No talents, however, and no one’s power, can help Rathbone with the brilliant and sinister abduction of his daughter. By the time November comes and London’s thickest yellow fogs with it, there is still not a solitary clue to this mystery and the police are desperate. It remains unprecedented in the annals of crime: quiet reigns unabated on all sides.

  Then finally, on the third day of that month, the silence is broken. Almost instantly, everything changes.

  Sherlock Holmes is ready for the news when it comes that morning.

  It has been four months since he solved the unusual case of the Crystal Palace flying-trapeze accident and almost single-handedly caused the arrest of the notorious Brixton Gang. But the public doesn’t know the role he played, or of his earlier genius in catching the Whitechapel murderer. Inspector Lestrade and Scotland Yard have made sure of that. While Sherlock hasn’t wavered in his vow to fight injustice with his very life, to avenge his mother’s murder, he reminds himself daily that such aspirations will take time. And so the boy’s world is filled with frustration – it seems to be taking forever to become the man he hopes to be.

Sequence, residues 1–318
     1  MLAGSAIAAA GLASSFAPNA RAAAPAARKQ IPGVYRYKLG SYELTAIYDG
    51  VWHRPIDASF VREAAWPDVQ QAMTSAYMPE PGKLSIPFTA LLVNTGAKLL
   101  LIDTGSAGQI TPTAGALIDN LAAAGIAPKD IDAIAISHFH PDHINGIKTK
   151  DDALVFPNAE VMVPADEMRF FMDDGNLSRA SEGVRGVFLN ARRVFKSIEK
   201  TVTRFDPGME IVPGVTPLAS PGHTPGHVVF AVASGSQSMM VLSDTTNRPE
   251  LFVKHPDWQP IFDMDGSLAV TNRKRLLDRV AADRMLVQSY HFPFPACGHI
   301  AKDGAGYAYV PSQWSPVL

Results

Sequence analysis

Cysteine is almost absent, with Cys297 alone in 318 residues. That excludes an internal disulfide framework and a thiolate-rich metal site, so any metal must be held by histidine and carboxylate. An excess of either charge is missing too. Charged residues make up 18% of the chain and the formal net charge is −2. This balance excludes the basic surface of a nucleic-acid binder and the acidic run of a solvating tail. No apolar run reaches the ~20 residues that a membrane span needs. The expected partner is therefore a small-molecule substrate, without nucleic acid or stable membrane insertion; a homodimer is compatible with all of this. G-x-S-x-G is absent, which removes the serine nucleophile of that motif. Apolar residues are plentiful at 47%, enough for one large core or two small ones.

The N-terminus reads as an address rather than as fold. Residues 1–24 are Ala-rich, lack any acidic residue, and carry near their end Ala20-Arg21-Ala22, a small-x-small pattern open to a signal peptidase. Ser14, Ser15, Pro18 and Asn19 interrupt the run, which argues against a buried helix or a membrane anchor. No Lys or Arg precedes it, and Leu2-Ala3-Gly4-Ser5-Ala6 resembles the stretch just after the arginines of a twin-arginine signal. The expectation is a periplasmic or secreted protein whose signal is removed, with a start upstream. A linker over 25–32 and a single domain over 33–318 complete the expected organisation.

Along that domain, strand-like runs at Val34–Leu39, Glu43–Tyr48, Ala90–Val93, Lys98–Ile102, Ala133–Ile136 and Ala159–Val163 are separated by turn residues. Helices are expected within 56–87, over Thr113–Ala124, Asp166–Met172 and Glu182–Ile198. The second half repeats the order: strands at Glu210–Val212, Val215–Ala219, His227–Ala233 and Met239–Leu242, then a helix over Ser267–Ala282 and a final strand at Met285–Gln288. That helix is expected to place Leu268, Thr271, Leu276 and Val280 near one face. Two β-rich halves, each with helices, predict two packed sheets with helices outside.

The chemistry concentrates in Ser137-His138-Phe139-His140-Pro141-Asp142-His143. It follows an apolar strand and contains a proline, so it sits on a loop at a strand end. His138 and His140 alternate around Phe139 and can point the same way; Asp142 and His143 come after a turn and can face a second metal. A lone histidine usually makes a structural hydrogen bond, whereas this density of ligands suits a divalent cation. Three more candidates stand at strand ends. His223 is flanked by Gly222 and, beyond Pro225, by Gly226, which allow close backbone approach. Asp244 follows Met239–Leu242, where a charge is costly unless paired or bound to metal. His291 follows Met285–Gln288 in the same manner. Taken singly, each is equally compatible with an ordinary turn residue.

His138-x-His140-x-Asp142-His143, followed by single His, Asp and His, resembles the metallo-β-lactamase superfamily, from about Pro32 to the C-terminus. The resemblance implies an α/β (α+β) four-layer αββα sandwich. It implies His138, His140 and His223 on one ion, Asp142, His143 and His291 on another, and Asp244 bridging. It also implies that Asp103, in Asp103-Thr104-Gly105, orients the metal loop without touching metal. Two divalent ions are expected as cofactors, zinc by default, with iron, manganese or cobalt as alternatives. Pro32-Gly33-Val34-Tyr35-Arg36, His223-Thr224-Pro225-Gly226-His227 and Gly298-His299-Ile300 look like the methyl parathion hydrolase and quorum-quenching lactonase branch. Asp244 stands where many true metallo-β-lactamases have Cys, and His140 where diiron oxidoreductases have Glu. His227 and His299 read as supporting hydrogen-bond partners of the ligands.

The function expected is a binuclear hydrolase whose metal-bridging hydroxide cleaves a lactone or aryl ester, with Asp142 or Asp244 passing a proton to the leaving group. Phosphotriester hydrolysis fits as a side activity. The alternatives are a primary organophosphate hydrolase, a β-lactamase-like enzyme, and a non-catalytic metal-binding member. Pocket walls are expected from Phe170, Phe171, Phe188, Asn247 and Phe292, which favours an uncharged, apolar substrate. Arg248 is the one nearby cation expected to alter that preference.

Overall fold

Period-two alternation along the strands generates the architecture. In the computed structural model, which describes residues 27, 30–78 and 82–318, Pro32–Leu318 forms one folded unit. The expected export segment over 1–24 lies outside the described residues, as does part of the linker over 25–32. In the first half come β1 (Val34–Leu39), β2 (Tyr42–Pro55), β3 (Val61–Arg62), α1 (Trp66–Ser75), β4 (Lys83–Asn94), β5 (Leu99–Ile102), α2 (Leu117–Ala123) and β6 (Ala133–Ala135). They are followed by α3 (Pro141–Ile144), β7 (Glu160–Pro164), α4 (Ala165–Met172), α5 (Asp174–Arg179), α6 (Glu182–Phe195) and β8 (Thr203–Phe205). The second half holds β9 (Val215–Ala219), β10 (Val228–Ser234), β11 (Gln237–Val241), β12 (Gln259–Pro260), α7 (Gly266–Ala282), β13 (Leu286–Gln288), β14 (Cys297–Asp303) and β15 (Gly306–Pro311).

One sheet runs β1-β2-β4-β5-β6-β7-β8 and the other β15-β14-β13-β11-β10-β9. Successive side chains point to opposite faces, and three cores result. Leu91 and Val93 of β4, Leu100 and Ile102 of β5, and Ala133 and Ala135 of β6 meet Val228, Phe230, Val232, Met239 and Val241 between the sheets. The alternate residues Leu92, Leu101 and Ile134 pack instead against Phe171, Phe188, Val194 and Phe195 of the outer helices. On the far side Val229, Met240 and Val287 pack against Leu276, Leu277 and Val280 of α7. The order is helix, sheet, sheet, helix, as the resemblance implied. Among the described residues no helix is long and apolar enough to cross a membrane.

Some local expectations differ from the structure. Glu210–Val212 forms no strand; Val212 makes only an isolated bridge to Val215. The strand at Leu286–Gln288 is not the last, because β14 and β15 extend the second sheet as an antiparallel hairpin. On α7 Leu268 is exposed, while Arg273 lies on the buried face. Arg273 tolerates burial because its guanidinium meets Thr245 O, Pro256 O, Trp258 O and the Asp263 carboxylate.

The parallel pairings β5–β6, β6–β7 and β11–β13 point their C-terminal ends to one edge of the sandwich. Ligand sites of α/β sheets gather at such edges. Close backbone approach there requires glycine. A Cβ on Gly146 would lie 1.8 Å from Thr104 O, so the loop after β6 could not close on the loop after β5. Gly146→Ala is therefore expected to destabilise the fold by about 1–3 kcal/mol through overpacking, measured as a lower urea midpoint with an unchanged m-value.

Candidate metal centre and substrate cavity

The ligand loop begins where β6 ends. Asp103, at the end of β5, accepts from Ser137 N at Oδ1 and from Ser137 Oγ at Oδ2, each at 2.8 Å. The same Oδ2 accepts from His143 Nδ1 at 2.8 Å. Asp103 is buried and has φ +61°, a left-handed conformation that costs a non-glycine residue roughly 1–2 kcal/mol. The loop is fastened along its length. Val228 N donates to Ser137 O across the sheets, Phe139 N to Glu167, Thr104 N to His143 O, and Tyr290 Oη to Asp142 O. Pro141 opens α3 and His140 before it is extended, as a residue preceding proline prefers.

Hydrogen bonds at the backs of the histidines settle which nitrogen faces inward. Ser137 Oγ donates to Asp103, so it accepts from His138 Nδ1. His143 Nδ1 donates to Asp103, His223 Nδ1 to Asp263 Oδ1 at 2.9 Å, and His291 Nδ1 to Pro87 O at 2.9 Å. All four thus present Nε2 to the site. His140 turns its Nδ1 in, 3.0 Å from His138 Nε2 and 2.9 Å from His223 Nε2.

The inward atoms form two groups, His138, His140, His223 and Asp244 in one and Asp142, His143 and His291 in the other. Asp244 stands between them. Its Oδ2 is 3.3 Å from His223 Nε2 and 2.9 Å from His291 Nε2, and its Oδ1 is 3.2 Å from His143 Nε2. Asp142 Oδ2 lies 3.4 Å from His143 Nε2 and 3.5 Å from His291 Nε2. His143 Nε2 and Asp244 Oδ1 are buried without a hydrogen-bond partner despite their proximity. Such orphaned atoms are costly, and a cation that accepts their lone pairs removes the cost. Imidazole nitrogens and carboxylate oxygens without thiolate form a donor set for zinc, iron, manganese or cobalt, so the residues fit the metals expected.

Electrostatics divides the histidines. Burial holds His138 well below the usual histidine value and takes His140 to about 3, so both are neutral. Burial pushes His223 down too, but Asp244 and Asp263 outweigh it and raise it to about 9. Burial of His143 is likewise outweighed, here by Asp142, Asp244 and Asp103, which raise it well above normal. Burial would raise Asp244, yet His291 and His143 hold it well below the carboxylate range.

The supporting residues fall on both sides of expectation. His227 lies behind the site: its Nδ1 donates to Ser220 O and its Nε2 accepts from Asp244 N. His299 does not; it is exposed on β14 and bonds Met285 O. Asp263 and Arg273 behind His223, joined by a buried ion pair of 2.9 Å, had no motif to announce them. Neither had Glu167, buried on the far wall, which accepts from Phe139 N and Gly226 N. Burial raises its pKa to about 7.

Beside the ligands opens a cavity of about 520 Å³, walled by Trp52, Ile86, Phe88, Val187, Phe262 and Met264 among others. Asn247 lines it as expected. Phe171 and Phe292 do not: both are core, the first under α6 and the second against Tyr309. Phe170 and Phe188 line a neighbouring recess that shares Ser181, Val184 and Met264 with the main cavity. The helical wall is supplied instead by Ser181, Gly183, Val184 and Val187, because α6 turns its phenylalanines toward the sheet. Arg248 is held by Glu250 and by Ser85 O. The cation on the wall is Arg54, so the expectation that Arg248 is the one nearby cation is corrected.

He still lives with strange old Sigerson Bell, the Denmark-Street apothecary as he continues to rebuild himself: working hard at school and studies, rereading Samuel Smiles’ best seller Self Help, learning the fighting art of “Bellitsu,” the manly art of pugilism, and gleaning all he can about chemistry.

  Though the old apothecary’s business was recently sagging as badly as his flesh, he is back on his financial feet these days, saved from the clutches of his miserly landlord by a steady stream of money, thanks to the young trapeze star known as The Swallow. That remarkable boy, whom Sherlock befriended after the Crystal Palace accident, has directed many of his show-business friends (including The Great Farini and his son, El Niño) in the direction of the smelly little London shop. Their sore limbs and aching backs are now the beneficiaries of Bell’s often unorthodox, but always effective treatments. He requires them to spend hours locked in poses that actually stretch and loosen their muscles – it is most unusual. And sheep bile, rubbed into the joints, was never so valued by a group of patients.